Although lettuce drop caused by Sclerotinia species continues to be a tough foe for growers on the Central Coast of California, researchers are gaining new information on how to deal with the fungal disease.
Krishna Subbarao, University of California, Davis plant pathologist stationed at Salinas, reported on his work with lettuce drop during the California Lettuce Research Board's annual meeting held near Coalinga.
One of his projects for the board was a study of reported resistance of Sclerotinia minor to the fungicide Endura, a mainstay for control for the past several years.
Subbarao told the gathering the reason for recent reported failures of control with Endura is likely its degradation by soil microbes in fields where it was repeatedly used.
He came to that conclusion after his laboratory trials applying recommended rates of the fungicide to 30 samples of the fungus collected from fields where failures occurred and to another 30 samples from fields where Endura had never been used. Even at the lowest rates, he observed no resistance in either group of samples.
Noting that the same field degradation applies to other fungicides, Subbarao said that the materials are expected to last about 60 days. However, in fields where they are repeatedly used, failures begin to appear in about two weeks, potentially because soil microbes consumed fungicides as a food source.
“So, the best solution if you have observed such failures in your fields is to stop using Endura in those fields.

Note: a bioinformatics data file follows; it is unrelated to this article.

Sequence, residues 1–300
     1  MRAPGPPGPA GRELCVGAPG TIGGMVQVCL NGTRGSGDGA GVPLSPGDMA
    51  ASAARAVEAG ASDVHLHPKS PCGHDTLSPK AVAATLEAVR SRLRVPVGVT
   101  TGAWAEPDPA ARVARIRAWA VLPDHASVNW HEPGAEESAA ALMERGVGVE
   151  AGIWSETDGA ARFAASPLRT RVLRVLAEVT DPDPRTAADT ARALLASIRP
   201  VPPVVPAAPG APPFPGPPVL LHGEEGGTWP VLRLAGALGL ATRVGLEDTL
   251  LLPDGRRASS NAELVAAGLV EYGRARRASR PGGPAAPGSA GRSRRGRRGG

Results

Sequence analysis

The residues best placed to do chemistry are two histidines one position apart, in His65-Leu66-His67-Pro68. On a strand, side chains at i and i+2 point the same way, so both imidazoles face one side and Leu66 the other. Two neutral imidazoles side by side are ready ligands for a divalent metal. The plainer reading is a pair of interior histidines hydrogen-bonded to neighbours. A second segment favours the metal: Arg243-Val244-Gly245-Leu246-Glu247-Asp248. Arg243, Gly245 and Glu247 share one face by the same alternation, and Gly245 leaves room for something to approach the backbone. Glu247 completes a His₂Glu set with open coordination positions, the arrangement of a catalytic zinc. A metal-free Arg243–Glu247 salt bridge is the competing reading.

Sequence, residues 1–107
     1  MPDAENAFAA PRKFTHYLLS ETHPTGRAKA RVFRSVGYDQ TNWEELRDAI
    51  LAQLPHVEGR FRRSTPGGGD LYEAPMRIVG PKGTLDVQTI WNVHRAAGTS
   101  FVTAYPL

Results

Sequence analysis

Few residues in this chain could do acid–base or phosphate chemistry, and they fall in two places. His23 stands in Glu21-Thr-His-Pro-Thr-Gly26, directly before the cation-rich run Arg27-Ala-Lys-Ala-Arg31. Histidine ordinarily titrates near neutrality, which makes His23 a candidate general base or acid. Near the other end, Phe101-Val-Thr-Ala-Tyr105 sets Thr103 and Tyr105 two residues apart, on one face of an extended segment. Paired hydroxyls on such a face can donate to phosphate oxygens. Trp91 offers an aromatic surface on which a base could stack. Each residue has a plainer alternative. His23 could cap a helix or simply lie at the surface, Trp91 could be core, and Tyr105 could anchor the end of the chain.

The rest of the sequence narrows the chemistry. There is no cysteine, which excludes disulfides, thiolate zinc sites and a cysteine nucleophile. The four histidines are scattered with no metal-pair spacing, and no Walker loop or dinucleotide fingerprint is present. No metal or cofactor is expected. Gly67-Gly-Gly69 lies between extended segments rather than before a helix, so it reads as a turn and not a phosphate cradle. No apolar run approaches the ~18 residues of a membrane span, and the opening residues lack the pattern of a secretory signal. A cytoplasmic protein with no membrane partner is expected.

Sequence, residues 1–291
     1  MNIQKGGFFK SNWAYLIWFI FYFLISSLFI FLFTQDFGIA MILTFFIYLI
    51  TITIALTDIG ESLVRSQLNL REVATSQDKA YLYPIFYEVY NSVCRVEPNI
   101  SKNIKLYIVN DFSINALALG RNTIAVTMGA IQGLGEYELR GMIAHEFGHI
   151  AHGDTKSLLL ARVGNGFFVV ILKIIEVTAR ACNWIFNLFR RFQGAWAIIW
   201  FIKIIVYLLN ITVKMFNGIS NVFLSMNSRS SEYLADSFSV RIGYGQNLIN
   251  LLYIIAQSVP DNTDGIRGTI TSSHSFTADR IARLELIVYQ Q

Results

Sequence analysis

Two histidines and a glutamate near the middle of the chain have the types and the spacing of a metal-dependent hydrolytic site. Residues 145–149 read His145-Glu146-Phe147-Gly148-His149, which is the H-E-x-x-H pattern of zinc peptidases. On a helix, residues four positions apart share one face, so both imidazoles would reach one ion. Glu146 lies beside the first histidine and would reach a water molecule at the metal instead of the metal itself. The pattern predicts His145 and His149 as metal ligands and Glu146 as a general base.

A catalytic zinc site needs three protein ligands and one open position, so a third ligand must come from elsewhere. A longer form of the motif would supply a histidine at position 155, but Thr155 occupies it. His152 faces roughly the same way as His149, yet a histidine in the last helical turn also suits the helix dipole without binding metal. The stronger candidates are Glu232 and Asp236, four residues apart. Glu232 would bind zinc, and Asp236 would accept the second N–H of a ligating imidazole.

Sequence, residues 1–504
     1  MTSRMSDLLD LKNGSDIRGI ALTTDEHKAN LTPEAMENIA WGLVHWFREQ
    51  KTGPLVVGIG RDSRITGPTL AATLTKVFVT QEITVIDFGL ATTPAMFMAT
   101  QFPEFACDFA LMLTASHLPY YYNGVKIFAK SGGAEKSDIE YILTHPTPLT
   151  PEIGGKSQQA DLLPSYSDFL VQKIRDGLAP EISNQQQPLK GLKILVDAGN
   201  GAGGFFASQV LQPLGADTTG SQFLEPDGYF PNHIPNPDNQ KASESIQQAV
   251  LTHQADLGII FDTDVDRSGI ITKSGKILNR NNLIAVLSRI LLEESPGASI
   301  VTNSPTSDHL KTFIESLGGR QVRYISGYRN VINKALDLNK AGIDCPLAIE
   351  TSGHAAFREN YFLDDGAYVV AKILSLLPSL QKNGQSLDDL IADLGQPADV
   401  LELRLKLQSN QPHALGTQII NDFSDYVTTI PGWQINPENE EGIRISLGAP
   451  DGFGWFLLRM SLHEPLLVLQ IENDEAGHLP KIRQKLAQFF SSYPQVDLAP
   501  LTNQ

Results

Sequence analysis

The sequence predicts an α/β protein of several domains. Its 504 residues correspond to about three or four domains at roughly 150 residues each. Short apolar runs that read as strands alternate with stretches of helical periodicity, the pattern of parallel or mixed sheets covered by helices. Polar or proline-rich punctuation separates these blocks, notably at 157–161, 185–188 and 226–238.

Although this may not be of much help to growers, it will at least save the costs of the fungicide,” he said.
In another series of studies, Subbarao has been collaborating in a novel approach to develop lettuce drop-resistant plants using the “slow-dying” resistance to both S. minor and S. sclerotiorum found in some romaine and iceberg lettuce lines.
The trait allows plants to stave off the disease for 10 to 15 days, while susceptible plants die in as little as two days after infection. It has been known for years, but only recently have breeders taken a closer look at it in an attempt to use it in a breeding program.
Subbarao is supplying disease inoculum used in field screening for USDA lettuce breeder Ryan Hayes' efforts at Salinas to incorporate the resistance into new breeding lines.
Although the research has found the resistance is linked to early flowering, transferring it to lettuce plants with horticultural-superior backgrounds has proved to be difficult. Even so, a few families of plants are being evaluated in the field.
Subbarao is continuing a project with Contans, a biological fungicide manufactured by the German company, Prophyta, for control of S. minor in the Salinas Valley. Although the material was very effective against S. sclerotiorum in his trials, it was not effective against S. minor, and he plans to investigate using higher rates of the material.
The objective is to find a balance between the amount needed and the costs compared to other fungicides. Contans is known to be most potent against the mycelial stage of the pathogen, and Subbarao explored the best time to apply it.
The manufacturer's projections, he said, put the cost per application at about $60 per acre, nearly the same as Endura, but he hopes to learn if application costs can be reduced.
Subbarao evaluated Contans with other fungicides for the past two years with funding from the manufacturer and has begun another two years of trials with it under USDA funds.